So, this is an awesome opportunity, right? We can raise funds that will go directly to purchasing books for our school AND support schools in need across the USA. So, what is the ambitious goal of our PTA? A measly $1,000. For a school that supports K-6th grades, I just don't get it. They have "high hopes" that every family can donate $1. So...back to my original question. Where's the enthusiasm?
I personally hope to raise $100 by asking everyone I know to donate $1 (or more, if they can afford it). I guess it comes from my attitude. I try to give the best from myself and I try to coax the best out of those around me. So, why wouldn't you have a really grand goal, say $2,500? With around 500 families at our school, it would only take $5 per family to reach this goal.
I am probably destined to be on a PTA one day. Which totally freaks me out. I hardly have enough time to cook, bake and craft as it is now! Bottom line is that I will probably always be able to do more than they ask. And nothing is too much to ask when it comes to supporting the school that my son attends. If we don't support the school, who will? As my son's kindergarten teacher puts it: they're poor.
On a separate but related note: Box Tops for Education. I never really understood what those little coupons on some of my grocery store items were for. Well, it turns out, if I collect them and give them to my son's school, the school can then turn them in for money! Pretty neat trick, huh? (And BTW, can I redeem any? :-) Just kidding!) Anyway, if you have any of these and don't already give them to a local school...please, please start saving them. If I had known that they could make a difference to my son's school I would have started saving them long ago. If you want to mail them to me, send me an email and I'll give you my address. Contact me at firstname.lastname@example.org.
Ok...REALLY, no more about school. Tomorrow I'll be back to my usual food talk!
Monday, September 26, 2005
The very first recipe in Daniel's book is a learning recipe. It seems to be designed for folks like me (that is, beginners who don't know what they're doing). While that may sound like a joke, it really is true. If you don't know anything about baking bread (which is totally different than say, baking a cake), then you will probably feel a little lost without some helpful guidance. The author seemed to know right where I was coming from and provided very helpful tips to achieve the desired results. For example, he'd say that you can test if you've kneaded enough if you pull a little bit of the dough away from the ball and it springs back.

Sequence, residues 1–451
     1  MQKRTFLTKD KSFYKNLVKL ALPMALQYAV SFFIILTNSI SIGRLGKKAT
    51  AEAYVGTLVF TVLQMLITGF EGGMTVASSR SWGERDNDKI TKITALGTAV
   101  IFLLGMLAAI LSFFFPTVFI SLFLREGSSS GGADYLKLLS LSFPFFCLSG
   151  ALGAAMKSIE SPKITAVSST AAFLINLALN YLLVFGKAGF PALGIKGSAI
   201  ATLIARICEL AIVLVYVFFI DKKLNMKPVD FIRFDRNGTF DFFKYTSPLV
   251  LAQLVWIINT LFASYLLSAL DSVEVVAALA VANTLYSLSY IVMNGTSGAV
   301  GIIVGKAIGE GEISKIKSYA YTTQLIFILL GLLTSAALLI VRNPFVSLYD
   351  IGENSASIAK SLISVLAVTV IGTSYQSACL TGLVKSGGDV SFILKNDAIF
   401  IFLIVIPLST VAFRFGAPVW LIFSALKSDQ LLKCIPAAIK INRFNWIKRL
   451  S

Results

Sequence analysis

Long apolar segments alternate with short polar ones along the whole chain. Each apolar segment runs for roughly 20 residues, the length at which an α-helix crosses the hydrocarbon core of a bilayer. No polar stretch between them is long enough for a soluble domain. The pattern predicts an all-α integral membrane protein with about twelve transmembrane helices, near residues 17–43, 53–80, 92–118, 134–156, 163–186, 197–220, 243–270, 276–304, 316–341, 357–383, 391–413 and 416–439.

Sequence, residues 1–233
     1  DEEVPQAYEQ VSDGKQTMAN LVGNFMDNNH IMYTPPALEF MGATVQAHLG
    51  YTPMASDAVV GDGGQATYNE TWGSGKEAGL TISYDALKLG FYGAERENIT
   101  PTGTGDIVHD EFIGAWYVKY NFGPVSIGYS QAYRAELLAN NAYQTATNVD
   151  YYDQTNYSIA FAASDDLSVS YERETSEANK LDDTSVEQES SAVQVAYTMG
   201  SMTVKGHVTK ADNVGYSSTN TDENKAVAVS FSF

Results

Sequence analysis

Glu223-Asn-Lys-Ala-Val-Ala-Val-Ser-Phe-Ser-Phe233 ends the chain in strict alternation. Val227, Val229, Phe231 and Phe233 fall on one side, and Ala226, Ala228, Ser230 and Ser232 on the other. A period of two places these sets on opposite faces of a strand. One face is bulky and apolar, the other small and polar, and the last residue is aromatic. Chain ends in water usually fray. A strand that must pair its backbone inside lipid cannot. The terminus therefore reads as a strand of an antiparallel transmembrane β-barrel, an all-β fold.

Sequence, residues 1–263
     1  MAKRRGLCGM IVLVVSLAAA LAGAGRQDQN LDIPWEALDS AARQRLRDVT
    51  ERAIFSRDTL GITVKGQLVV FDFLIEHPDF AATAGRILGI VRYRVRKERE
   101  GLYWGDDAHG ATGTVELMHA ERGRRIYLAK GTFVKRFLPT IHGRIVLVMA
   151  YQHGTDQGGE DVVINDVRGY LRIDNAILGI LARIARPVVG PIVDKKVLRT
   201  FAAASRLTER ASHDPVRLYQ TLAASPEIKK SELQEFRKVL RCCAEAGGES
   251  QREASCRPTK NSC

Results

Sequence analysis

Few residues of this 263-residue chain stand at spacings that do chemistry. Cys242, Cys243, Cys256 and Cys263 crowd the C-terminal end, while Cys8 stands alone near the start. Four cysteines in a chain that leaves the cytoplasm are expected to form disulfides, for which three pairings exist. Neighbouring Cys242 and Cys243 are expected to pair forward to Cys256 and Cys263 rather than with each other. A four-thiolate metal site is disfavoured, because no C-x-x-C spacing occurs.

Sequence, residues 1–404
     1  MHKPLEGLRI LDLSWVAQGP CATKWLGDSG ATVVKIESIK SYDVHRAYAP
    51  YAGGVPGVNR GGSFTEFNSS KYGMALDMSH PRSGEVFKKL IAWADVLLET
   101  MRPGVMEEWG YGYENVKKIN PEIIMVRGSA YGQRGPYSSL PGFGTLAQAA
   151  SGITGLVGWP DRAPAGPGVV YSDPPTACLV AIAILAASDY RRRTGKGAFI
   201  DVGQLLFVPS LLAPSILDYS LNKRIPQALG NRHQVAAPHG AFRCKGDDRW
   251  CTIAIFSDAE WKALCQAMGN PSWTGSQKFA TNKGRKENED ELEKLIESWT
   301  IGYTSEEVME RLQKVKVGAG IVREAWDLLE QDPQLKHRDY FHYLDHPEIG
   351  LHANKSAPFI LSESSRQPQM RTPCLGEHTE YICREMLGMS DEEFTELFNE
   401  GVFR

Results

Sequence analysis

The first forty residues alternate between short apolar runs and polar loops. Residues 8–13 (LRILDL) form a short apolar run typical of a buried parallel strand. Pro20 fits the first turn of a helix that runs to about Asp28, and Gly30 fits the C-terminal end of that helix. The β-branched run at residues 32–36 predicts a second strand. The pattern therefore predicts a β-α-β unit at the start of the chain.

I was tempted to try out some of Farmgirl's tips (from her 10 Tips for Better Bread), but I decided that I would just try the book's version first and see what happened. Here is my first ball of dough, proofing before baking.
I thought that it went pretty well, overall. The bottom crust was a little firmer than I would normally like, but still good. It had a very "wheaty" flavor and tasted great with the huckleberry jam that I recently received as a gift. Here are the finished loaves and some cut pieces.
The few little hiccups that I had were these: I couldn't find anyplace where you can buy a 6 quart wooden bowl for the dough; I couldn't buy the flour I needed in bulk from my local Henry's grocer; and some of the brands listed in Daniel's book are too old to find anymore. But the good thing is that if you just want to try your hand at baking and are not sure if it's for you...you can try any of these recipes with regular bowls. I used glass and it seemed to be fine. I did record everything about this experience in a small journal to be sure that I had notes in case I bake these loaves again. The over thermometer was very helpful. My oven is gas and the knob is not as accurate as you'd like to think.
Now I'd like to try baking a bread that my family would eat more often...probably a farmhouse white like FG had posted in June. Maybe she'll send me the recipe...? :-)
I had a blast trying out a new recipe this weekend! What did you do?
Thursday, September 22, 2005
Here is my lovely new blender, as modeled by my accommodating son. It is a Bamix, which I had never heard of, but according to my husband is supposed to be a really good brand. I am looking forward to trying out a few things with my blender. First, I want to make smoothies. Since I like them so much from the Jamba Juice, I just have to try making them at home. Second, I want to use my blender to make jams and jellies. And the last thing that I want to do is use the nifty little cup attachment that came with it. It has blades inside the cup and a lid which the blender then goes on top of and voila, mini food processor!
Here is little Toejam herself. She looked so pretty with the light from the outside making her pupils shrink down to little slits.
OK, down to business! On the topic of foodie films, I discovered something interesting. While there are films that mainly focus on food or cooking, many of my favorite food scenes are simple moments instead of full films. Another thing that I discovered is that I should be ashamed of the fact that I haven't seen Tampopo, Babbette's Feast and others. These appeared again and again on the foodie film lists on the web.